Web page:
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F. F. Ghasia, P. E. Foeller, L. Tychsen; Cerebral Pathways for Vertical OKN: Effect of Callosotomy and Hemifield Stimuli. Invest. Ophthalmol. Vis. Sci. 2010;51(13):2543.
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Periventricular leukomalacia (PVL) in preterm infants causes damage to visual fibers of the corpus callosum, particularly the splenium (i.e. posterior portion). Children with PVL tend to have vertical gaze deficits. We hypothesized that this might be due to damage to the splenium. To test the hypothesis we performed a callosotomy in a non-human primate.
The splenium of the callosum was sectioned in a 1 yr old monkey. One hemiretina in each eye was then laser ablated (to allow confinement of the OKN stimulus to a hemi-field in each eye). Horizontal and vertical OKN were recorded under conditions of monocular or binocular viewing, before and after callosotomy, using binocular magnetic search coils and positive reinforcement.
Vertical OKN was impaired markedly in the first week after callosotomy, but recovered partially in the ensuing weeks. Downward stimuli elicited a greater response than upward stimuli, as measured by calculating an up-down asymmetry index ( AI = mean OKN velocity upward/downward). The asymmetry index before callostomy = 1.02, and 1 month after callosotomy = 0.5 (one way ANOVA p<<0.05). An abnormal oblique component (horizontal added to vertical OKN) was also evident after callosotomy, with a horizontal slow-phase bias towards the cerebral hemisphere receiving V1 input.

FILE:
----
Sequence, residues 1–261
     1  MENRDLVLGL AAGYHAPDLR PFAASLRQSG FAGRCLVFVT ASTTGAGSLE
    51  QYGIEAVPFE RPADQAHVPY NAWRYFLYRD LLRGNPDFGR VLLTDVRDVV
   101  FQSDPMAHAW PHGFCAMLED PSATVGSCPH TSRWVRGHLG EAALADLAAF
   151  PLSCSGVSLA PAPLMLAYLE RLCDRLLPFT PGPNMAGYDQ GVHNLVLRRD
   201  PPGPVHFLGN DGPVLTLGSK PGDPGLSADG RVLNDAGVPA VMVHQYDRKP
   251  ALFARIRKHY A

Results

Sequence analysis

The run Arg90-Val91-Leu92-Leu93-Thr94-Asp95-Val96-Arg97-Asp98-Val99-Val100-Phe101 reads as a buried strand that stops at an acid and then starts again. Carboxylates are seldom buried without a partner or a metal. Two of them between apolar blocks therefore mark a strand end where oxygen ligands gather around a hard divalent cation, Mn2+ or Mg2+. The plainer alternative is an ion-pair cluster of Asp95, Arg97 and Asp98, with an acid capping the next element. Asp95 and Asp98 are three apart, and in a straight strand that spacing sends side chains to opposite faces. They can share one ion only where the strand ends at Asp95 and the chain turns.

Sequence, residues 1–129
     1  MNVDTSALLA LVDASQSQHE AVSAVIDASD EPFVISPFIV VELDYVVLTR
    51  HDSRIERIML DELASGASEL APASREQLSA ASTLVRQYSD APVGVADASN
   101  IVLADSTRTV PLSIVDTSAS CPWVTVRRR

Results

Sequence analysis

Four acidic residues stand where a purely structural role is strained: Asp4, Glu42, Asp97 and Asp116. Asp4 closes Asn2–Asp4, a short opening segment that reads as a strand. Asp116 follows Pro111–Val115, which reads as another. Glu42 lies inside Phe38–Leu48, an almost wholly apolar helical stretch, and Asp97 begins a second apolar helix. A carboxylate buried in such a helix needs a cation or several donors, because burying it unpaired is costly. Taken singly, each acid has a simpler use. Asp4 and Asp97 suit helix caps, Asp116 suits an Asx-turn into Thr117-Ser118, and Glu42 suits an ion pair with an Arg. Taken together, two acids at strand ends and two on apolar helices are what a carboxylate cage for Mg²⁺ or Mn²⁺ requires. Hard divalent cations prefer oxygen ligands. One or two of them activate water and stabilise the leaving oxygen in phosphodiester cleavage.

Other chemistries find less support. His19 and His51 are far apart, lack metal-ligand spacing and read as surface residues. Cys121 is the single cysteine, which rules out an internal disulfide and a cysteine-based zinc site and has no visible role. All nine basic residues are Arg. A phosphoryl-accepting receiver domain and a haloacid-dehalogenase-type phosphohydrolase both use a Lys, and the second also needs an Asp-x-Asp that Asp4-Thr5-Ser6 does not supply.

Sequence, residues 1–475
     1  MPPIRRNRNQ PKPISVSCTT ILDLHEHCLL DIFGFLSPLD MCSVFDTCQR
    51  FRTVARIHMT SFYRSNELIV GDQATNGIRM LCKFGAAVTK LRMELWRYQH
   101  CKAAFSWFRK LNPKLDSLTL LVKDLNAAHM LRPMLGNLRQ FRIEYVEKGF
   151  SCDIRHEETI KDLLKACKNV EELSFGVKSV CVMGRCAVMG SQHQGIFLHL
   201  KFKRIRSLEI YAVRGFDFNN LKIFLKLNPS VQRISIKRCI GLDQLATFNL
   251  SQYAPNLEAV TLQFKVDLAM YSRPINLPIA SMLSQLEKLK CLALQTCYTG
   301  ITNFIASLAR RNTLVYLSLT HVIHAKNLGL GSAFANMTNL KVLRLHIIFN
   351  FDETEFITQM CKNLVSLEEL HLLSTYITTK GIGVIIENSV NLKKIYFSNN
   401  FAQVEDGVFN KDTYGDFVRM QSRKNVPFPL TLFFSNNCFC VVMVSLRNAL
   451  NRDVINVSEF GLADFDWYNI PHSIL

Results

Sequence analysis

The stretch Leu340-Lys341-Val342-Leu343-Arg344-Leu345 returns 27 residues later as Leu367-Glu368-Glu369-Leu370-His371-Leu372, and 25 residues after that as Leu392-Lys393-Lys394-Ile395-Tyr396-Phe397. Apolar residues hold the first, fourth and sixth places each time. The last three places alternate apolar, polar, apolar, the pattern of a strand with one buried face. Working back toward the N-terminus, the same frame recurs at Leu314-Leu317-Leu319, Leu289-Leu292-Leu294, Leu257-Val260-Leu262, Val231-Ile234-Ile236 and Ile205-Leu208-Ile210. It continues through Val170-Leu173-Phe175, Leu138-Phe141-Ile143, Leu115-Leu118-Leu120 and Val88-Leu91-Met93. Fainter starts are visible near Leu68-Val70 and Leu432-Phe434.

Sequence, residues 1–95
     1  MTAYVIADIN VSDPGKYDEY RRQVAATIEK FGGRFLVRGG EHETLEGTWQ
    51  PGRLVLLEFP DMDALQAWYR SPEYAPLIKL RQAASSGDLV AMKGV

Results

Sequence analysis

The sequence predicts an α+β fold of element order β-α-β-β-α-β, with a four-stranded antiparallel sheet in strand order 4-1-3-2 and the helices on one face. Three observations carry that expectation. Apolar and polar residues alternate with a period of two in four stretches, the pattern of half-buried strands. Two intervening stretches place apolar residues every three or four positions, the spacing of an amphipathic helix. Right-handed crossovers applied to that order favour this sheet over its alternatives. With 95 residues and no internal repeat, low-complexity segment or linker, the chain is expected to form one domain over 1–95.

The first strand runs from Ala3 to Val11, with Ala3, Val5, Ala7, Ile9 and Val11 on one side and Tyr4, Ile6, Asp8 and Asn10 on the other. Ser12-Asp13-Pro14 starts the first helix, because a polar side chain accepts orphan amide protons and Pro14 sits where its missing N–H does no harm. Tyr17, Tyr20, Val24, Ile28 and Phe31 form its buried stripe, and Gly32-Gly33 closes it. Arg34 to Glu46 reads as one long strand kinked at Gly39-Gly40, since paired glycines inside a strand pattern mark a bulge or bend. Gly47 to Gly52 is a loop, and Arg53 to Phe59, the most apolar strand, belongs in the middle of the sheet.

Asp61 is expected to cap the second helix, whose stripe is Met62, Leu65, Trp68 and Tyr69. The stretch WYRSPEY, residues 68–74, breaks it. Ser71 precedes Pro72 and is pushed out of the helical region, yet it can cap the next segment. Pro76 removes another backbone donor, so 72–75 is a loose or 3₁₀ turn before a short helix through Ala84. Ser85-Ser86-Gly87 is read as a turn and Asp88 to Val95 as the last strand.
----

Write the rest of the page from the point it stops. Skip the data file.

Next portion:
These findings suggest that normal vertical gaze requires simultaneous activation of extrastriate visuomotor regions in both cerebral hemispheres. Damage to fibers of the callosal splenium impedes this activation, causing vertical gaze deficits which are initially profound, but recover.
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